Foronda, F. R. and Ghannadzadeh, S. and Sedlmaier, S. J. and Wright, J. D. and Burns, K. and Cassidy, S. J. and Goddard, P. A. and Lancaster, T. and Clarke, S. J. and Blundell, S. J. (2015) 'Robustness of superconductivity to structural disorder in Sr0.3(NH2)y(NH3)1−yFe2Se2.', Physical review B., 92 (13). p. 134517.
The superconducting properties of a recently discovered high-Tc superconductor, Sr/ammonia-intercalated FeSe, have been measured using pulsed magnetic fields down to 4.2 K and muon spin spectroscopy down to 1.5 K. This compound exhibits intrinsic disorder resulting from random stacking of the FeSe layers along the c axis that is not present in other intercalates of the same family. This arises because the coordination requirements of the intercalated Sr and ammonia moieties imply that the interlayer stacking (along c) involves a translation of either a/2 or b/2 that locally breaks tetragonal symmetry. The result of this stacking arrangement is that the Fe ions in this compound describe a body-centered-tetragonal lattice in contrast to the primitive arrangement of Fe ions described in all other Fe-based superconductors. In pulsed magnetic fields, the upper critical field Hc2 was found to increase on cooling with an upward curvature that is commonly seen in type-II superconductors of a multiband nature. Fitting the data to a two-band model and extrapolation to absolute zero gave a maximum upper critical field μ0Hc2(0) of 33(2)T. A clear superconducting transition with a diamagnetic shift was also observed in transverse-field muon measurements at Tc≈36.3(2)K. These results demonstrate that robust superconductivity in these intercalated FeSe systems does not rely on perfect structural coherence along the c axis.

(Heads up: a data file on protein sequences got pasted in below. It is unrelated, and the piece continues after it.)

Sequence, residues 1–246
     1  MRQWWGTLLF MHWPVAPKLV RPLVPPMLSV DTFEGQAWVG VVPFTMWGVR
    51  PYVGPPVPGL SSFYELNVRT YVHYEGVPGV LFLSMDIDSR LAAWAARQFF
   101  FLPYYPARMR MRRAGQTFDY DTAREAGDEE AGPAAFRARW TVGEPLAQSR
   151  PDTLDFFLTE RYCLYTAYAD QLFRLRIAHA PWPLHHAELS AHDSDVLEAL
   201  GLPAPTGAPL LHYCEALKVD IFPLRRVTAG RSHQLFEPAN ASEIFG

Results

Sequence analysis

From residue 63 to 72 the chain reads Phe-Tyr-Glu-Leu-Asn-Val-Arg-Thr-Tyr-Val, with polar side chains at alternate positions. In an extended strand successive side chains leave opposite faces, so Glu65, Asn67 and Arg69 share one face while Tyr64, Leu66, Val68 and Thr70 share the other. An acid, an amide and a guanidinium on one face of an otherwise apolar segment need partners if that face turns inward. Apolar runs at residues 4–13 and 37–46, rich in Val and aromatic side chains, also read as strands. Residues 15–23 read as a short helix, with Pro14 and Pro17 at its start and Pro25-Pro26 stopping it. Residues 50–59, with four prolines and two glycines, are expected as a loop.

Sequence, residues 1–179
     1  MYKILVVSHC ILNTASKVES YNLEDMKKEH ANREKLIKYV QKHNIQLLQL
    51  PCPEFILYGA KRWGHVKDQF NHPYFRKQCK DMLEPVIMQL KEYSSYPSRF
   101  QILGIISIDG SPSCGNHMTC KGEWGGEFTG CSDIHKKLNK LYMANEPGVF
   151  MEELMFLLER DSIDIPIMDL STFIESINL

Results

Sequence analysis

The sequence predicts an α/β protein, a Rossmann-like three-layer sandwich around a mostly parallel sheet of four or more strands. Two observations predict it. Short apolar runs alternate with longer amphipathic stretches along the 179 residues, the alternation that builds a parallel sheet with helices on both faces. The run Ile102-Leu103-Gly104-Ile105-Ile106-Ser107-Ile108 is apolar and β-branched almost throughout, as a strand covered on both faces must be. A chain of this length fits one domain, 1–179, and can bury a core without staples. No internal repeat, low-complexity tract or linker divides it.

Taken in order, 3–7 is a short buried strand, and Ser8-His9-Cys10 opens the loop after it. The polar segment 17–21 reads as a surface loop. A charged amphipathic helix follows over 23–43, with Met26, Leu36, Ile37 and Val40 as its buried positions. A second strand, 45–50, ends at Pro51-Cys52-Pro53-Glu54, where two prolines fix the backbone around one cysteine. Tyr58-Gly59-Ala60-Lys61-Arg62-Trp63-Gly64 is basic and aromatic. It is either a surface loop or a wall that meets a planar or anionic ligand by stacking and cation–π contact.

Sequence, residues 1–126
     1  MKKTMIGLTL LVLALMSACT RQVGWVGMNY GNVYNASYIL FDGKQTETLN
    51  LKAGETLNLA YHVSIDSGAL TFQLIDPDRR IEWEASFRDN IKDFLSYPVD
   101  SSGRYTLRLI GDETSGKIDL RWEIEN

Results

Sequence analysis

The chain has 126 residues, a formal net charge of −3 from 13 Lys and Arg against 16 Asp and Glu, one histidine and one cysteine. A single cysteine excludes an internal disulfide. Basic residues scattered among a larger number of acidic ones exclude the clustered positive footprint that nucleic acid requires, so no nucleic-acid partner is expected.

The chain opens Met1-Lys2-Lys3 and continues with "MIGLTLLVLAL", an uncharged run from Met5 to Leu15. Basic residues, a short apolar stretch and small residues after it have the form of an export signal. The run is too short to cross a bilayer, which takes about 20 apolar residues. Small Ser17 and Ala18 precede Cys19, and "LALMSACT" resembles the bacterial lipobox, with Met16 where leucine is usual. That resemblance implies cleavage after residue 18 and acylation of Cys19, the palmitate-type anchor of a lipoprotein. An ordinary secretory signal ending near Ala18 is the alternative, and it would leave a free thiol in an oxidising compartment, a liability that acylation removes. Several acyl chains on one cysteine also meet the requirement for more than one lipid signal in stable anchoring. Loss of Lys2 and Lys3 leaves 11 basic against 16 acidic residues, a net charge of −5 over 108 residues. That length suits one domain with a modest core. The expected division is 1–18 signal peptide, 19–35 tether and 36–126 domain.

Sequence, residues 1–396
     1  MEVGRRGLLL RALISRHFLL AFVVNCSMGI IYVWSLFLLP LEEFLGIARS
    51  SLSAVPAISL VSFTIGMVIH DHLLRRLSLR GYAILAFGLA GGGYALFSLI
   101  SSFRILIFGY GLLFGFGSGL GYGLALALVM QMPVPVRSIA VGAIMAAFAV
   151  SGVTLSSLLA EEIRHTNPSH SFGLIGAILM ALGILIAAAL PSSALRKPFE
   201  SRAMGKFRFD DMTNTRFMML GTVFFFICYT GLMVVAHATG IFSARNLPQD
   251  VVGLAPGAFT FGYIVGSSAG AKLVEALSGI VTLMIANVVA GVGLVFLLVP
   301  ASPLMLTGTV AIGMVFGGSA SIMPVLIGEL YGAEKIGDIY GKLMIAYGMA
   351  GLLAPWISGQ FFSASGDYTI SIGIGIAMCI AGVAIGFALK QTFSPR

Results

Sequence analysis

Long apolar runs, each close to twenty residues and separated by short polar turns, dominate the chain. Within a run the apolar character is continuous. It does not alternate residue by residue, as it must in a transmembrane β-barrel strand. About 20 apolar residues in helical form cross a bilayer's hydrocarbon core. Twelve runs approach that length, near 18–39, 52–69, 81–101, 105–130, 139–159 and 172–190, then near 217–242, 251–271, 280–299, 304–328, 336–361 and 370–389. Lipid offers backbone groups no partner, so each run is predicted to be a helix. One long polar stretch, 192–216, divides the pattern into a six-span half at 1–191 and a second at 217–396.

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|Publisher Web site:||http://dx.doi.org/10.1103/PhysRevB.92.134517|
|Publisher statement:||Reprinted with permission from the American Physical Society: Physical Review B 92, 134517 © 2015 by the American Physical Society. Readers may view, browse, and/or download material for temporary copying purposes only, provided these uses are for noncommercial personal purposes. Except as provided by law, this material may not be further reproduced, distributed, transmitted, modified, adapted, performed, displayed, published, or sold in whole or part, without prior written permission from the American Physical Society.|
|Date accepted:||02 October 2015|
|Date deposited:||12 November 2015|
|Date of first online publication:||October 2015|
|Date first made open access:||No date available|
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